Mother Hen said...

In an article I wrote several months ago I attempt examine several potential causes for all of this gluten/wheat/grain sensitivity, from a lay person's point of view. Might this explain some of the wheat connection you and Denise are speculating about:
http://liberationwellnessblog.com/2010/05/28/gluten-intolerance-the-new-health-dilemma/

Alan said...

Don't the French consume most of there wheat as white flour products (baquette, croissant) which is much lower in gluten. Also their diets in general are alot healthier than in America which helps compensate for the wheat consumption. Someone else said, maybe you need to consume good fats with the wheat. The French also tend to eat freshly made bread and not the type that gets preserved to last for two weeks.

Gyan said...

It is not true that South Indian more vegetarians relative to North Indians.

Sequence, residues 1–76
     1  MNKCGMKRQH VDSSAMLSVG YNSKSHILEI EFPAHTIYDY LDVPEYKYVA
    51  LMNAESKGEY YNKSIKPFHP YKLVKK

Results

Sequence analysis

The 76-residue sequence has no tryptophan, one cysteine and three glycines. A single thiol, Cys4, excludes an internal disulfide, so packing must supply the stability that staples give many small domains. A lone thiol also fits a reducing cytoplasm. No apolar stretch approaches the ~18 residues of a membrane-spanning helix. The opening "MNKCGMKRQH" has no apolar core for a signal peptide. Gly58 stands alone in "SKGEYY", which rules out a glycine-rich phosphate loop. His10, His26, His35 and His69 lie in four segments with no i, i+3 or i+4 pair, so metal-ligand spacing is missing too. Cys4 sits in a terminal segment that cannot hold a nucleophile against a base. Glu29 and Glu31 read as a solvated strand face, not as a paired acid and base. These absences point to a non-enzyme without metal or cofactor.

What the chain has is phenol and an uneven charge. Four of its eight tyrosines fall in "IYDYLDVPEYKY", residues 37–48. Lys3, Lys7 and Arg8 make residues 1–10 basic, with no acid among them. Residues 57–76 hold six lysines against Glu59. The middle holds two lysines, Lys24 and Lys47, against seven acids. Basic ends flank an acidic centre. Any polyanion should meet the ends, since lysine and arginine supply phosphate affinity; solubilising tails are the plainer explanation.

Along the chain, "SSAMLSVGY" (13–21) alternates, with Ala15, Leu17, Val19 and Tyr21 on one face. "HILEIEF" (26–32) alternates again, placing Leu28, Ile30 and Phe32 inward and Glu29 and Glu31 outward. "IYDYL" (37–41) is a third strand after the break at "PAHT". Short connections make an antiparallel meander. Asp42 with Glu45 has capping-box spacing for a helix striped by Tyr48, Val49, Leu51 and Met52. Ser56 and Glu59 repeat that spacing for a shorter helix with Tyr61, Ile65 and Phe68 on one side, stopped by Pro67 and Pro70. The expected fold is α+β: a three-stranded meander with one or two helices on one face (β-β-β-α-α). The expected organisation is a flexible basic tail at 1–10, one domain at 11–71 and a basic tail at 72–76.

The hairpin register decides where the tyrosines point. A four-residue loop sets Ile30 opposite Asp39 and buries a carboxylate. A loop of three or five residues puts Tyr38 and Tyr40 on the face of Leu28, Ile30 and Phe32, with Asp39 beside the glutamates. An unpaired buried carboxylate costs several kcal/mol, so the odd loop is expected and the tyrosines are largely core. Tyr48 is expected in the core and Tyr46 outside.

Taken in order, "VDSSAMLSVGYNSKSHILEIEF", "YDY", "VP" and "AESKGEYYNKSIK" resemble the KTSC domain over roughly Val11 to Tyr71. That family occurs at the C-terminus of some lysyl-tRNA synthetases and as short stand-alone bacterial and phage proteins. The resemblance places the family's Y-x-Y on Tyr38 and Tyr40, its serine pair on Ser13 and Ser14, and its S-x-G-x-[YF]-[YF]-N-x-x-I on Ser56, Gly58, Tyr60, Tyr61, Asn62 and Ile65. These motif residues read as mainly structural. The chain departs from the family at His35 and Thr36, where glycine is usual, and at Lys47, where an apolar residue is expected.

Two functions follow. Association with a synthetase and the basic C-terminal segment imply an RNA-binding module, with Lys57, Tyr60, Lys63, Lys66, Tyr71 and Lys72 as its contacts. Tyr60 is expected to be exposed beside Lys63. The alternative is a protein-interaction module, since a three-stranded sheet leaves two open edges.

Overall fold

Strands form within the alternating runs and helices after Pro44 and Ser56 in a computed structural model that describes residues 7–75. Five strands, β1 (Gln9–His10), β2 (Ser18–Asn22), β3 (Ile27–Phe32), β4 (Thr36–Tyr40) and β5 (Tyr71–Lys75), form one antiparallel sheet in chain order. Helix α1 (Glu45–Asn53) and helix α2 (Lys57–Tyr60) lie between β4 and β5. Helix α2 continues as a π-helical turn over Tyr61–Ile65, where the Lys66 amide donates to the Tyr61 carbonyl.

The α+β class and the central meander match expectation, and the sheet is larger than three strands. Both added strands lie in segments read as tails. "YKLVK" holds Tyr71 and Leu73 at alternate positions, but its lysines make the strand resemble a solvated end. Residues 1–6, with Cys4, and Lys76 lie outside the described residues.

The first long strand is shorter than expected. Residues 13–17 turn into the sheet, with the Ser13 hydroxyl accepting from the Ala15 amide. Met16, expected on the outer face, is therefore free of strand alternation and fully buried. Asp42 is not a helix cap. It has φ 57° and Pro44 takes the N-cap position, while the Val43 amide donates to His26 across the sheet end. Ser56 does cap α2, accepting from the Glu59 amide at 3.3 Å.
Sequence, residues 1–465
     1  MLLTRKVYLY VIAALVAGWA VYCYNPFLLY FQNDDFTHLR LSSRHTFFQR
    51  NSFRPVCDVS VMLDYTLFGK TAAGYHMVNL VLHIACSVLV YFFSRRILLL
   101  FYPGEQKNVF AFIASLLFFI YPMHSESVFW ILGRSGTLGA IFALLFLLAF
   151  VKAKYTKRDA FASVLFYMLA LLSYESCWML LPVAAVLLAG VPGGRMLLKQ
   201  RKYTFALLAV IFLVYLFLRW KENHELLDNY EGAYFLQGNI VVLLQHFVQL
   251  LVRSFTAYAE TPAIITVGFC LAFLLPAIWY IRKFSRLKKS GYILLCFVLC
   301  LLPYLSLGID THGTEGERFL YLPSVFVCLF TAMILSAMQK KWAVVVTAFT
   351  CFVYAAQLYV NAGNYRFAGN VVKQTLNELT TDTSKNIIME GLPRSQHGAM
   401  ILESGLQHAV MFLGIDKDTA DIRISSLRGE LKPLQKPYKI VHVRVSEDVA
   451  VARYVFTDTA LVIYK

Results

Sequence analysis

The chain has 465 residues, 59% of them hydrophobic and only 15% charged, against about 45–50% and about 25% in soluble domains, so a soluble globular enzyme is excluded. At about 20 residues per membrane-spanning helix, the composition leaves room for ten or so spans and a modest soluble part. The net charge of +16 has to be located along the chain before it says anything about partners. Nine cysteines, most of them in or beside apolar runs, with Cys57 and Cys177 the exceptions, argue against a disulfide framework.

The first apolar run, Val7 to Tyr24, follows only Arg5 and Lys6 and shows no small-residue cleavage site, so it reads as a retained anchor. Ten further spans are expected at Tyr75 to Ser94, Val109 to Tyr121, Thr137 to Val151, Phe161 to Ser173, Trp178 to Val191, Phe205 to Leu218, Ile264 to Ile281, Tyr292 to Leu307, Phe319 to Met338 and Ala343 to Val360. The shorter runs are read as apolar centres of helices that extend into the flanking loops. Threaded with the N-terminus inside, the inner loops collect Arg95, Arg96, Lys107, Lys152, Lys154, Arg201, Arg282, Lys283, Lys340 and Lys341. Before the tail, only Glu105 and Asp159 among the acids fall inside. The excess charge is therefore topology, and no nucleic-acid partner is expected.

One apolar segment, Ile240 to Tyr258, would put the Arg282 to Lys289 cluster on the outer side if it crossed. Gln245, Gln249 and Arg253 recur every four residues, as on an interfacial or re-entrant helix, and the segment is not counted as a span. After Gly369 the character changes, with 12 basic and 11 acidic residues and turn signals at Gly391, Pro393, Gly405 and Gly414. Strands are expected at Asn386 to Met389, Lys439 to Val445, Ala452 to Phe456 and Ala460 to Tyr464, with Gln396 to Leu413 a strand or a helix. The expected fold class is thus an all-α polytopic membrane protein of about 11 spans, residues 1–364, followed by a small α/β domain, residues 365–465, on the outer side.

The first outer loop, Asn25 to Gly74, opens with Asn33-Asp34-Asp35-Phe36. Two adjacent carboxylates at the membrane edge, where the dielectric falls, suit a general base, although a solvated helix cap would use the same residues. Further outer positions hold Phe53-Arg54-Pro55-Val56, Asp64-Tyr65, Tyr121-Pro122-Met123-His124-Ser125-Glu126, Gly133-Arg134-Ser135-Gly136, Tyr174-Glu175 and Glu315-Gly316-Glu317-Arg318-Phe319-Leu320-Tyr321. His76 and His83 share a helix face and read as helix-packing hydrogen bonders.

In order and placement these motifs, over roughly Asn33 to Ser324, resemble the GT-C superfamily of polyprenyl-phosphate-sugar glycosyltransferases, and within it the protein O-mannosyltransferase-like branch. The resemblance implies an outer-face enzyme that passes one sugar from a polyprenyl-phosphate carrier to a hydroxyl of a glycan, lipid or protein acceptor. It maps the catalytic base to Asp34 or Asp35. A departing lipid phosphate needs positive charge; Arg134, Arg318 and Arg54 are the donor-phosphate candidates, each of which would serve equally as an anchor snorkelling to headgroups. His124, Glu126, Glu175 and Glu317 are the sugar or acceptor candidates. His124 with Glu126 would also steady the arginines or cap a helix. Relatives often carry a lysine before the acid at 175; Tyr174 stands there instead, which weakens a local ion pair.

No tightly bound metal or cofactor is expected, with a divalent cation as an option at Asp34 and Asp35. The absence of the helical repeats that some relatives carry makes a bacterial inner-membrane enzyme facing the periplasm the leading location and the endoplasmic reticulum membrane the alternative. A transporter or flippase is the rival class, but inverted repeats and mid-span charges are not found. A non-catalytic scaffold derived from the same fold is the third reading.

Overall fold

Fish-eating for example is very low in North.

What is true is that healthy North Indians eat a lot of ghee.

Heather Twist said...

Thanks for that! An earlier blog posted something about the same thing, but this is much more recent.

It brings to mind what I read constantly in Price's work: that "white flour and sugar" were the culprits in the diseases he saw. Mind you he thought the problem was the "white" part, but whole grain flour just wasn't shipped around the world back then (or now: it goes rancid way too fast. But whole wheat berries *are* shipped these days, and they are just as devastating as white flour is).

I was reading an encyclopedia from 1909, and there was a whole article on grain. In that article, the authors attributed the "energy" of the West to the fact that the West ate wheat, not rice. Rice, it said, just didn't have the vital energy to get people motivated to do stuff. (my paraphrase: their wording was far more flowery).